First, some customers would be winners and others losers with a switch to RTP. Those who consume disproportionate quantities at the most expensive times are being subsidized under time-invariant pricing and may be worse off if they cannot adjust their consumption substantially under RTP. Most energy managers in industrial and commercial customers seemed to think that their bills on average would rise significantly under RTP (even though total system costs would fall with the switch). Second, even customers who thought their consumption pattern was no more expensive to supply than the typical customer were still worried that their bills could be much more volatile under RTP. Some economists dismiss such concerns about variance and risk management within companies, but the effect is very real on company budgets and performance reviews of the managers responsible for electricity consumption.
I was able to study both of these topics using a confidential dataset of hourly consumption for 1142 large industrial and commercial customers in Northern California over a four-year period. In the paper on wealth transfers from RTP, I combined the consumption patterns of these customers with simulated and actual wholesale prices to examine how big the likely transfer would be.7 The results showed that the transfers were likely to be smaller than one might think. Starting from the simple time-of-use pricing these customers already faced (three different preset prices for peak/shoulder/off-peak periods), and assuming no change in consumption pattern, more than 95 percent of customers would be likely to see their bills rise or fall by less than 10 percent. I then looked at how much the losers might mitigate this impact by responding to the price variation. Over the plausible range of short-run price elasticities, the effect is fairly modest: with no price-response, about 55 percent of these customers would see their bills rise under RTP (the winners are on average larger consumers than the losers), but with a short-run elasticity of -0.1, the share drops to 44 percent. The results made clear that extremely few customers would see disruptive changes in their electricity bills, but that there would be a significant number of small losers. The remainder of the paper discussed various strategies that attempt to compensate losers without distorting their marginal consumption incentives.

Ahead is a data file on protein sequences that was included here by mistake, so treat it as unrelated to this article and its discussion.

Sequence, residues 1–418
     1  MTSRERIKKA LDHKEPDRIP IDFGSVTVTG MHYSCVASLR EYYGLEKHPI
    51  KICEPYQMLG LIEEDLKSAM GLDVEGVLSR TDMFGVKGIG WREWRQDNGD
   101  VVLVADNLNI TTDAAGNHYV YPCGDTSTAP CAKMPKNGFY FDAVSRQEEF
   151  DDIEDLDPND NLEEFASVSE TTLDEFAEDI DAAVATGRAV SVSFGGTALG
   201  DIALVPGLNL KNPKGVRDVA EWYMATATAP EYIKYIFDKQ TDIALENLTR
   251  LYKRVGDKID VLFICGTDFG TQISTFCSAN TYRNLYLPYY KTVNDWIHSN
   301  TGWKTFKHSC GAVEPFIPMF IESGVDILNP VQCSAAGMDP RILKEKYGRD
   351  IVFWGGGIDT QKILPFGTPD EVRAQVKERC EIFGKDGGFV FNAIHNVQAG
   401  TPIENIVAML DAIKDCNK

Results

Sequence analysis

Using the same dataset, I studied bill volatility under RTP.8 Bill volatility is caused by consumption volatility, price volatility, and the covariance of the two. In electricity, departures from average consumption quantity and average real-time price tend to be positively correlated, exacerbating the variance of bills. Using monthly billing periods, I calculated customer bills under time-invariant, time-of-use, and real-time pricing schemes. After adjusting for seasonal variation, which should be easy to anticipate, I found that the coefficient of variation of a customer's bill is on average nearly five time larger under RTP than under the time-of-use structure that they typically face. I then examine a simple hedging scheme in which the customer buys its expected consumption quantity (seasonally adjusted) for each hour of the month at the actuarially fair price for that period. This hedge incorporates no additional information that the customer is likely to have about its business activities during month, so it is very likely that a customer could refine it further. Still, even this simple hedge eliminates about 90 percent of the excess bill volatility attributable to RTP, leaving bills about 30 percent more volatile than under time-of-use pricing. I also explored a somewhat more sophisticated strategy that utilizes over-hedging (buying forward more than 100 percent of expected quantity demanded) to compensate for the positive price/quantity correlation and showed that this approach can lower bill volatility to be about the same as under time-of-use pricing.